Categories: AnalysisOpinionPolitics

Dzsurdzsa: Andrea Horwath’s political strategy is closer to Trump’s than she’d like to admit

Andrea Horwath is proof that cutthroat politics don’t always take you to the top. While Doug Ford was painted as the Trump-lite candidate in the Ontario provincial election, the Ontario NDP’s Machiavellian tactics place Horwath’s political style closer to the US president than they would like to admit.

The NDP’s program leading up to the election, and now, as the official opposition, seems to have been taken straight from Roger Stone’s playbook. For the NDP, “attack, attack, attack” is the preferred mode of dealing with any and all political opponents. Unsurprisingly, it is a strategy that only serves to alienate whoever decides to employ it. Had the NDP formed anything resembling a functioning government and Horwath had been Premier, alienation might not have been a bad thing. But as the official opposition to a majority government, the NDP has put itself in the position of a snake lashing out at the surrounding flames.

Like a true Machiavellian, for Horwath the “ends justify the means”. So when the ends are a $2.25 million defamation lawsuit, and a Conservative government steamrolling its policies into provincial legislature, the NDP leader must be asking herself: was it REALLY worth it?

When playing dirty, you’re bound to have to lie. When making accusations for blind political gain, you flirt with defamation. The lawsuit in question was launched by former PC candidate for Scarborough-Guildwood, Roshan Nallaratnam. Mr. Nallaratnam claims that he was the victim of a “political hit job” coordinated by the NDP which disseminated an email allegedly showing the PC candidate and former police officer threatening an inquiring voter. Roshan’s lawyer insists that the email was entirely a fabrication and it cost him the election.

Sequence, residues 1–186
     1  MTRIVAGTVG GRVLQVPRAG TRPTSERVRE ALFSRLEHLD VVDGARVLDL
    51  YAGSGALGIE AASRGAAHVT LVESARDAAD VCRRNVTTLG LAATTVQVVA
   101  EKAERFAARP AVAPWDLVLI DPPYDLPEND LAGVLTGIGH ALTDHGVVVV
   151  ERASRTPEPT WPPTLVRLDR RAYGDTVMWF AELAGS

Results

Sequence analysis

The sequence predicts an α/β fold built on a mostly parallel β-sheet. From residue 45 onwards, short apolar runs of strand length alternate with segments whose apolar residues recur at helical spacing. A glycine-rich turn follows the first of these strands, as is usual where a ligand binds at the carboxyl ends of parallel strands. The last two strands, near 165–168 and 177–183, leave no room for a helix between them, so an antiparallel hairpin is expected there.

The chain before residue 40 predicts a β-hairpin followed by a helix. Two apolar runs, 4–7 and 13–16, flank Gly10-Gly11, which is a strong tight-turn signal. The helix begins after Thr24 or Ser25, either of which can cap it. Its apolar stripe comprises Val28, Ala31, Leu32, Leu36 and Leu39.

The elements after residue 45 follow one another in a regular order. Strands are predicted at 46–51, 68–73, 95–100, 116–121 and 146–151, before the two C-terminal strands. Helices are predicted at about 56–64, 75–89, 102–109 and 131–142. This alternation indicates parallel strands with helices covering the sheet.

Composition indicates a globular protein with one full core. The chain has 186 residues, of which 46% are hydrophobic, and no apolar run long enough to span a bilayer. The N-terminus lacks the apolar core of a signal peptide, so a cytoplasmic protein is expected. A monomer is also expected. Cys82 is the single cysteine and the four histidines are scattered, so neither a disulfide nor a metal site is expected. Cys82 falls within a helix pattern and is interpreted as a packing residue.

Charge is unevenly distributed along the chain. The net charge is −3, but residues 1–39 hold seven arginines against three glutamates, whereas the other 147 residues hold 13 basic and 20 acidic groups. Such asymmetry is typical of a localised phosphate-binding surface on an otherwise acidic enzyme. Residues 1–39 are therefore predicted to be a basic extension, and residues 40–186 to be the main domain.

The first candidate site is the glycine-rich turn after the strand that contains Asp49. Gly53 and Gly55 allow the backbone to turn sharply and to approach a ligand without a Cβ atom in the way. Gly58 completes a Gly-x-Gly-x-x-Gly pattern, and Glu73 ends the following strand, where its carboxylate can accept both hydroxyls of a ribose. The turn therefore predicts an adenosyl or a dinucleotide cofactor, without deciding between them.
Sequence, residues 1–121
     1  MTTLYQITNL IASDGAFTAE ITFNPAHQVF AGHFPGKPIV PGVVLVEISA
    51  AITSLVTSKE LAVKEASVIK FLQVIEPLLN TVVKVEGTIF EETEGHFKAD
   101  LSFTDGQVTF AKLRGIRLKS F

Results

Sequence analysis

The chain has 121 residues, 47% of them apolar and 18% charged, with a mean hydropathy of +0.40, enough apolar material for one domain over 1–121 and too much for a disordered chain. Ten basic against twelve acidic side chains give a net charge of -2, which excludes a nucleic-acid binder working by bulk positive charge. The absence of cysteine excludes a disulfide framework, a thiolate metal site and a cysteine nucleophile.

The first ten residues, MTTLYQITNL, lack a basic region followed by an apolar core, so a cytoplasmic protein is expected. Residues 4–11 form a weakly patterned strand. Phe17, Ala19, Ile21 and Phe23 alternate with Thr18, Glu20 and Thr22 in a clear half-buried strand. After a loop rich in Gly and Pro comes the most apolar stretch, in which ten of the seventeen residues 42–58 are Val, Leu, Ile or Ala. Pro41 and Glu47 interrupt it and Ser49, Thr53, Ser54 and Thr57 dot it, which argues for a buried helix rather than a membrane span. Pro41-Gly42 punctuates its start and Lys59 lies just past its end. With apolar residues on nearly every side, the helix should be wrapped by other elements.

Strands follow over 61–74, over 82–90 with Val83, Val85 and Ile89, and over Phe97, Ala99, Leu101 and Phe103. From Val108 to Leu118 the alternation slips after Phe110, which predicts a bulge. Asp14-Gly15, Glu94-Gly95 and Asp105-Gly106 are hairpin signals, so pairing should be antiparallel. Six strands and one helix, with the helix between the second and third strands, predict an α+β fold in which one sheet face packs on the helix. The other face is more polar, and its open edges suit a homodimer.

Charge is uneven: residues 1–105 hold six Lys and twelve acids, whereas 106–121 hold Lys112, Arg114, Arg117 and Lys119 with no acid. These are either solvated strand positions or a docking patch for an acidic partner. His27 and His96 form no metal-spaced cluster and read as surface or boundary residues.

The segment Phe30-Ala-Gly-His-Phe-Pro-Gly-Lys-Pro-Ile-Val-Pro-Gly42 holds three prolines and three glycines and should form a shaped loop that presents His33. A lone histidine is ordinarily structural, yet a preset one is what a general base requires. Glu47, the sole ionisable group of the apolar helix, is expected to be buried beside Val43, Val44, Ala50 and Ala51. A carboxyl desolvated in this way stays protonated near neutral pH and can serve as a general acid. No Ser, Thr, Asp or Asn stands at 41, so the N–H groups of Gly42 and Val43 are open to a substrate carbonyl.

Mr. Nallaratnam was not the only candidate dragged through the mud by the New Democrats. Several other candidates became the victims of political lynchings done by the NDP and media outlets sympathetic to their cause. Among these names are the likes of: Andrew Lawton (PC – London West), Tanya Granic Allen (PC – Mississauga-Centre), Amanda Yeung Collucci (Liberal – Markham-Unionville), Mohammad Latif (PC – Windsor), and Donna Skelly (PC – Flamborough-Glanbrook), among several others. Each of these candidates now have a potential bone to pick with the NDP, and some are even now holding seats in government.

The current political climate reflects Progressive Era politics not only in its populist tendencies but also in the muckraking tactics employed by parties and competing media publications. ‘Muckraker’ is a moniker designating a style of investigative journalism which seeks to undermine the political legitimacy of public figures or opponents by digging up past dirt or “muck” on the intended targets.

Newspapers and mainstream media outlets during election time in Canada are increasingly becoming tabloids meant to air the dirty laundry of imperfect politicians. It is to be said however, that some of that laundry needs to be aired. Journalists are the public watchdogs ensuring politicians are held to account. Yet as the recent lawsuit against the Ontario NDPs proves, muckraking with malicious intent often comes at a potentially high price.

Another lesson can be learned from south of the border by those seeking to use similar dirty tactics. The Southern Law Poverty Center (SPLC), a right-wing watch group notorious for it’s defamatory tactics, paid a $3.3 million settlement to anti-Islamic extremism activist Maajid Nawaz and his foundation, Quilliam. The SPLC apologized for erroneously listing the Quilliam Foundation as an extremist group in it’s “hatewatch” listings.

While in the short-term defamatory tactics might have given the NDP the illusion of an upper hand, in hindsight the evidence seems pretty damning. So, Andrea Horwath, was it all really worth it?


Published by
Cosmin Dzsurdzsa
Tags: Andrea HorwathDonald TrumpNDP

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